Gatwick is poised to reveal a new plan to create a second runway enabling it to handle up to 84,000 extra flights a year.
The airport previously submitted a proposal to build an entirely new runway two years ago, which was rejected by the government.
Approval was then given for a third runway at Heathrow.
Gatwick’s plan is due to be showcased in a draft masterplan, which will be published on Thursday.
It involves using the airport’s existing emergency runway so a costly building project would not be required, the Sunday Times reported.
After the previous plans were rejected, Gatwick, which handles around 282,000 flights a year, said it would put together new growth plans using “existing infrastructure”.
The masterplan will include the proposed ‘routine’ use of its 8,400ft emergency runway.
Gatwick would require planning permission from the Civil Aviation Authority to use its standby runway.
The runway, which is normally used as a taxiway or an alternative when the main runway requires maintenance, runs parallel to the 10,800ft main runway.
A legal agreement from 1979 that prevents the runways being used concurrently expires next August.
The emergency runway, which is normally used as a taxiway or an alternative when the main runway requires maintenance, is understood to be primed for use by smaller, short-haul aircraft.
This could boost the airport’s capacity by between 20% and 30%, adding up to 231 extra flights a day.
The runway could potentially be used after 2023, before Heathrow completes its third runway in 2026.
It is believed that Gatwick will be seek to use the emergency runway as an interim plan for growth.
But campaign group Communities Against Gatwick Noise and Emissions (GAGNE) said: “This is simply betrayal of communities of Sussex, Surrey and Kent who have already endured the increases in long-haul movements this year by 24.1% – this is a second runway by the backdoor, how can communities ever trust Gatwick management again?“
Gatwick said any new development “would be fully compliant with all international safety requirements”.
A Gatwick spokesman said: “Airports are required to publish new master plans every five years, setting out their future growth plans and Gatwick has consistently confirmed it will do so before the end of this year. The draft plan will set out for our local communities, partners, airlines and stakeholders three possible growth scenarios, which we will then open up for views and feedback.
“In line with recent government policy, Gatwick has previously set out it is exploring how to make best use of its existing runways, including the possibility of bringing its existing standby runway into routine use. This would deliver an incremental increase in capacity that complements the expansion schemes of other airports across the south-east.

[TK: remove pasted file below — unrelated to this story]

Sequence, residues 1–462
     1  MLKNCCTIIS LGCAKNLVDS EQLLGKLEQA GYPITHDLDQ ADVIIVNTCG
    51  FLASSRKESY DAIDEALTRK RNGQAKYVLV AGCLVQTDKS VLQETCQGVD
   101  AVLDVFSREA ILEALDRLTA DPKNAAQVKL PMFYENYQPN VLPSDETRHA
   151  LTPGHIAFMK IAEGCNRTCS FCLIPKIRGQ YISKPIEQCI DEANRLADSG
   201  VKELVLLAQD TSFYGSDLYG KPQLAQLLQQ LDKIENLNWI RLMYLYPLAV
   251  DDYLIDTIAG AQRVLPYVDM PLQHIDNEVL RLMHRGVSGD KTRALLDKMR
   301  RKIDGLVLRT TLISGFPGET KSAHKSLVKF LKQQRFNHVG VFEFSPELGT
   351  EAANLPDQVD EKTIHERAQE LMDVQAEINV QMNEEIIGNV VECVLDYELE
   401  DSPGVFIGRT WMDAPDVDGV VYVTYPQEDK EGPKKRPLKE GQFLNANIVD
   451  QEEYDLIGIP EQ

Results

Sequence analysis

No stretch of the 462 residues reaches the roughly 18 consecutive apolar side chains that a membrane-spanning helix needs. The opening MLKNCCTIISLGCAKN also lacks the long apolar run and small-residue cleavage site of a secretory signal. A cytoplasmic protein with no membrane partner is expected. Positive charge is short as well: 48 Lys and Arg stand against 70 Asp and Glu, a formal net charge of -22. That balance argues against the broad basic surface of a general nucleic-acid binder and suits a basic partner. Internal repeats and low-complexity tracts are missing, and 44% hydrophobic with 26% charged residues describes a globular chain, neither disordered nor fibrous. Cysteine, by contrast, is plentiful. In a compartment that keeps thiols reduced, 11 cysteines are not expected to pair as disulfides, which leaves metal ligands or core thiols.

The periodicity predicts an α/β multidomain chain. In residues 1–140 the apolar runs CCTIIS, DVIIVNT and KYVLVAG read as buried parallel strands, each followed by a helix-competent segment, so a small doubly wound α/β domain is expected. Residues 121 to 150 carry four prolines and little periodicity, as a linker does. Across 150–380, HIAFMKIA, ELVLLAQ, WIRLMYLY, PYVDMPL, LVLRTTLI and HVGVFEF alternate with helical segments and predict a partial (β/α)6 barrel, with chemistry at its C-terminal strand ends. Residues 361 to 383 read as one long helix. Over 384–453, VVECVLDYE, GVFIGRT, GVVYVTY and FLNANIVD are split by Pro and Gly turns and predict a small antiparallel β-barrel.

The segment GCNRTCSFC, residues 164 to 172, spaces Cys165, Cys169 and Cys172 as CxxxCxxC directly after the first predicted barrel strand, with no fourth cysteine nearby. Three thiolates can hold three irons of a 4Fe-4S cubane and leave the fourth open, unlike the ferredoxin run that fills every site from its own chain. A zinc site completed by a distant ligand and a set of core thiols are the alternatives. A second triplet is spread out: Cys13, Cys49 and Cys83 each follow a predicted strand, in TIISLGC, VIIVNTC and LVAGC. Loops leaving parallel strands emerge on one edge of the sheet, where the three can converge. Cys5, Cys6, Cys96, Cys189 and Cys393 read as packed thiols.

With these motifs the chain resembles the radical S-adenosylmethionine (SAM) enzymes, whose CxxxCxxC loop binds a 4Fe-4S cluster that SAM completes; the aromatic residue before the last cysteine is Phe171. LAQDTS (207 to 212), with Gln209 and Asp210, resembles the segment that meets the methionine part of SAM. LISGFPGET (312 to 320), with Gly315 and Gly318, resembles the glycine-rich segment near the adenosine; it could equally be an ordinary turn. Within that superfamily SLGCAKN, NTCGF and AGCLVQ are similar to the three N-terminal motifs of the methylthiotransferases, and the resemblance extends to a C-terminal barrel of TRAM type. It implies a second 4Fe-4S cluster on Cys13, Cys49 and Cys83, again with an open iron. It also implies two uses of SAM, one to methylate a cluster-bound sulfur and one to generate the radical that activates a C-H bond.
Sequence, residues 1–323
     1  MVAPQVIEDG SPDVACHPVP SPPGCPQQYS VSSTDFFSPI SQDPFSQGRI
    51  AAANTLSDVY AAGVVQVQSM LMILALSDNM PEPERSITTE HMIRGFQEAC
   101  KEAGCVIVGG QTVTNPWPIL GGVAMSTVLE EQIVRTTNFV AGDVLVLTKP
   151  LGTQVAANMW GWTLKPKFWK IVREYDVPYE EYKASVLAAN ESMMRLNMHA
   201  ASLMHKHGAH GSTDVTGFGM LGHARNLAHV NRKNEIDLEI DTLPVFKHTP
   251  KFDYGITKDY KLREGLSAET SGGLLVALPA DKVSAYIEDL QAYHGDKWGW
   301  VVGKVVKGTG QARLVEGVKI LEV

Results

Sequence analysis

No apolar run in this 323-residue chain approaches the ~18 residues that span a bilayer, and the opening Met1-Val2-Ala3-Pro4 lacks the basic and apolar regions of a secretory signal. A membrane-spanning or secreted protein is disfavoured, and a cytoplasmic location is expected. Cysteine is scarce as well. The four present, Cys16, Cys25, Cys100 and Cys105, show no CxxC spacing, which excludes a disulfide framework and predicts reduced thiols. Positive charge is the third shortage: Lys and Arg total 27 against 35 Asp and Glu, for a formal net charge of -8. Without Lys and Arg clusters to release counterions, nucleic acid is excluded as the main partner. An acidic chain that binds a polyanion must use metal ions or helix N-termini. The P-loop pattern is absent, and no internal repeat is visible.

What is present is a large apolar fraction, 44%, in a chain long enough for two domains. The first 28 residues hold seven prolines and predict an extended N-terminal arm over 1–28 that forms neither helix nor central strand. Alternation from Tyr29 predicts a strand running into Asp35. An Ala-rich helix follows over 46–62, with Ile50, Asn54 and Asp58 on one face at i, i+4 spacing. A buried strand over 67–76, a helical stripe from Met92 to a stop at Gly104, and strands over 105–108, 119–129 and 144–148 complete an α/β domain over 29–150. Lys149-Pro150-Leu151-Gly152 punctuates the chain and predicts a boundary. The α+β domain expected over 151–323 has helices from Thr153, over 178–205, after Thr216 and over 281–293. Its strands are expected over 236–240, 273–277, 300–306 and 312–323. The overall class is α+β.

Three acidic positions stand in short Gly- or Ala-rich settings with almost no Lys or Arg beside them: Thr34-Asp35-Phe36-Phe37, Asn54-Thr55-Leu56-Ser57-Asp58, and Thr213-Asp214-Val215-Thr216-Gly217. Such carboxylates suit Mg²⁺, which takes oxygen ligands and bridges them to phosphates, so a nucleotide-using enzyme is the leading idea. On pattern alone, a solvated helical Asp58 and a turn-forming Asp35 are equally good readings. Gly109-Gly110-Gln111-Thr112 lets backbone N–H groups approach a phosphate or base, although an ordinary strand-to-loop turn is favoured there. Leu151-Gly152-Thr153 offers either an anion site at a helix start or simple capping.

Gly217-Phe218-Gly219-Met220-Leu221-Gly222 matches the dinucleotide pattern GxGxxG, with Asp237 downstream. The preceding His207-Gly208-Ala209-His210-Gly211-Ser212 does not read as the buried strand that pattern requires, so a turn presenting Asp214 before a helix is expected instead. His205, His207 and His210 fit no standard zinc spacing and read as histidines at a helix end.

“Safety and security are always our key priorities and any new development would be fully compliant with all international safety requirements.”
Brian Strutton, general secretary of the British Airline Pilots Association, said: “Balpa has always been in favour of extra capacity across the UK, and with Heathrow and Gatwick already running pretty much at full capacity, something needs to be done soon.
“If it is approved by the regulators and complies with safety rules, then by using its emergency runway Gatwick can provide much-needed capacity in the south east, which we would welcome.
“We also urge the government to hurry up with a final decision on Heathrow expansion, which we believe will be even more vital in a post-Brexit UK to support our thriving aviation industry.”
Holiday Extras Group CEO Matthew Pack said: “Figures from 2017 show that, despite the government rejected Gatwick airport’s plans to build a second runway in 2016, Gatwick’s long-haul operations have increased to facilitate hundreds of thousands more passengers that are taking these routes.
“If, as the Sunday Times reports, a ‘second’ emergency runway could be used for short-haul flights, this could help free up space to facilitate the increased demand for long haul flights from passengers around West Sussex and beyond.
“Not only would this allow the airport to offer more services to these kinds of destinations, but it is also likely that more jobs will be created in the local area. As a country, we’d also benefit from all the additional visitors from long-haul destinations too.”
Meanwhile, Gatwick’s major shareholder Global Infrastructure Partners is reported to be considering selling some or all of its 42% stake in the airport which could raise up to £10 billion.
Gatwick handles 45 million passengers a year
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